Google Web-Based Android Market Increases Potential Risk, Security Researchers Warn

A new Web-based app store that allows Android users to remotely download apps to their phone increases the potential fallout of a compromised Google account, security experts say.

Some security vendors are raising the question whether the browser-based version of the Google Android market could open up opportunities for attackers.

Google recently launched a new version of the market that allows a device owner to search for, buy and install applications on their mobile device remotely over the Web from a desktop computer. To do this, all the user needs to do is log in to their Google account.

While the capability was meant as a nod to user convenience, some warn that the functionality increases the potential fallout if someone's Google account is compromised.

"This is just one more reason to create strong passwords, and be ever-vigilant about access to your accounts and devices," blogged Denis Maslennikov, senior malware analyst at Kaspersky Lab.

"If your smartphone is connected to the Internet, you will immediately notice that on the device's screen an install is already taking place," he wrote. "Why is this a problem? When installing apps via the market on your phone, you must agree to all the permissions being requested before the app will actually install on your phone.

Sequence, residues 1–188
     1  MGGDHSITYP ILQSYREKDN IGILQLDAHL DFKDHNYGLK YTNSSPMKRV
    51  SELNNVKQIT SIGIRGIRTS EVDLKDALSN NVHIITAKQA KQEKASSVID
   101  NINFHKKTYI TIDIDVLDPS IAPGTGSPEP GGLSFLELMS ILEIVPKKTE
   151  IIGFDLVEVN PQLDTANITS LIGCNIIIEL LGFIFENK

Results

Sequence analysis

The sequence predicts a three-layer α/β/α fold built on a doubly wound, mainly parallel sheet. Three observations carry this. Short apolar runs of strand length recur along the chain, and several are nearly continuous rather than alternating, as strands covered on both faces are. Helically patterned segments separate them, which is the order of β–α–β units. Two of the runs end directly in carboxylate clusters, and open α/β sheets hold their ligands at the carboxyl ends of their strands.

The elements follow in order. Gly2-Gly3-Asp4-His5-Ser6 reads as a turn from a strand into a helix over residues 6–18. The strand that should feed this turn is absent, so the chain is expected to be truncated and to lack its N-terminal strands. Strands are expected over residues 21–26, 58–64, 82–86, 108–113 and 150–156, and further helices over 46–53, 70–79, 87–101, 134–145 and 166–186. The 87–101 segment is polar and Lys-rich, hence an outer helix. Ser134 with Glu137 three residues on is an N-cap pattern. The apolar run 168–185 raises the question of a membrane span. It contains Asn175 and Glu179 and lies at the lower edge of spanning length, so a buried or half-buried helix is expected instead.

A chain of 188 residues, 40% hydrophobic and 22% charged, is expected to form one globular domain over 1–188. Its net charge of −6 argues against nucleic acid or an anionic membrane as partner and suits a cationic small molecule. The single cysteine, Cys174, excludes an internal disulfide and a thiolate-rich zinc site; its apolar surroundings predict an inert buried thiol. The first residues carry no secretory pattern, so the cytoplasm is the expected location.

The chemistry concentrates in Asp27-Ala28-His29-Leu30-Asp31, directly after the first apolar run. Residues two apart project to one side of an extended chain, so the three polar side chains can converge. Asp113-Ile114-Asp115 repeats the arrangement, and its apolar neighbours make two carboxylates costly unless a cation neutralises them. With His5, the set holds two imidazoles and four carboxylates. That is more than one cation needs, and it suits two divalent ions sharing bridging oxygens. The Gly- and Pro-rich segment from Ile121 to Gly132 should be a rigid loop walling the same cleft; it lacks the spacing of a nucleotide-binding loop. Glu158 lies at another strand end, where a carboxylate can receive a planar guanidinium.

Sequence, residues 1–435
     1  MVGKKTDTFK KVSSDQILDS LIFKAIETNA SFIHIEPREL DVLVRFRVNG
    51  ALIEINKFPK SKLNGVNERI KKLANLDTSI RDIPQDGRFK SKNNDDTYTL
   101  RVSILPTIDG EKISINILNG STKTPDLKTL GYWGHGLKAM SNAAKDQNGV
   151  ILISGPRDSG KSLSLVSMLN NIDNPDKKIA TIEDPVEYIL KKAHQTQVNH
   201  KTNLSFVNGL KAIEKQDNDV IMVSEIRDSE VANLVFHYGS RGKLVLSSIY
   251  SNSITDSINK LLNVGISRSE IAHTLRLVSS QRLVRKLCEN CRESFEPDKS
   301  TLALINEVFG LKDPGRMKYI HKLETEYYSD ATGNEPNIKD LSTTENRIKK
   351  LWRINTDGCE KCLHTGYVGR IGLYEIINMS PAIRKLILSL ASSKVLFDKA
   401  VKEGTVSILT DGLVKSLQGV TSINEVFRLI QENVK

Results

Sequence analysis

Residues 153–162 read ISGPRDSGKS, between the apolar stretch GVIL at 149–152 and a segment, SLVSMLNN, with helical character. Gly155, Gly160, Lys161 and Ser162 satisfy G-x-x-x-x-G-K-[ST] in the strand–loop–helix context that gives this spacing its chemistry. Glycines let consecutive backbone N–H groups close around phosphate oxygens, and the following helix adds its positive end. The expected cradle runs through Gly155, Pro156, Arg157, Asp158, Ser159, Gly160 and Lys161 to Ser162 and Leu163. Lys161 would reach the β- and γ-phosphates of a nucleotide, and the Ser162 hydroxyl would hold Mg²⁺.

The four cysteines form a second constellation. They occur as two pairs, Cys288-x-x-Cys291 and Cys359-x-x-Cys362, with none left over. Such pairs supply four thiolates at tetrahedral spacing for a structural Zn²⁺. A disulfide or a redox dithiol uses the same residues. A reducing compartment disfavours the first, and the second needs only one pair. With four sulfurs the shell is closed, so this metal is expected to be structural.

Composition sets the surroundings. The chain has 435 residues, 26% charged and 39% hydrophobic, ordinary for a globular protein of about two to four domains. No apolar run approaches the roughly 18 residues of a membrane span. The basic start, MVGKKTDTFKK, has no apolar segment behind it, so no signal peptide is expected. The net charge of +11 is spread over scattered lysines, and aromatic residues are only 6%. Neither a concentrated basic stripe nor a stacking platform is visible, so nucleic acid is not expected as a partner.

"With this new incarnation of the Android Market, those permissions are only displayed on the app page within the Web interface of the Android Market," he continued. "After agreeing to these permissions, the app is installed without any notifications on your mobile device."

Those who attempt to use a stolen Google account to buy and install a rogue application on someone's device, however, face a few hurdles. For example, barring some innovation from the attacker, the application that was purchased would appear on the user's list of applications on the phone, and would have to be opened by the user to run.

However, even if a user notices an unfamiliar application on their phone, any application with the word "free" in it would have a high chance of getting run, opined Roel Schouwenberg, senior malware researcher at Kaspersky Lab.

"Alternatively, a vulnerability could be discovered in Android that allows for some sort of local code execution," he said. "By itself, this vulnerability is low-risk, but paired with this feature, it effectively becomes remote code execution."

A spokesperson for Google said the issue is a theoretical threat that presupposes a Google account has been compromised; the company has worked hard to reduce the possibility of this through a combination of strategies, including phishing and malware detection in Chrome and Gmail as well as default HTTPS in Gmail.

"We don't have any indication that this method has been actively used, and as always, we take swift action against apps and developers who violate our policies," the spokesperson said.

Still, Google should make changes to the remote installation mechanism as soon as possible, blogged Vanja Svajcer, principal virus researcher at SophosLabs, Sophos' research arm.

"Let us hope that the update will come in time to prevent cyber-criminals abusing the Android Market for the automatic installation of malicious software," he wrote.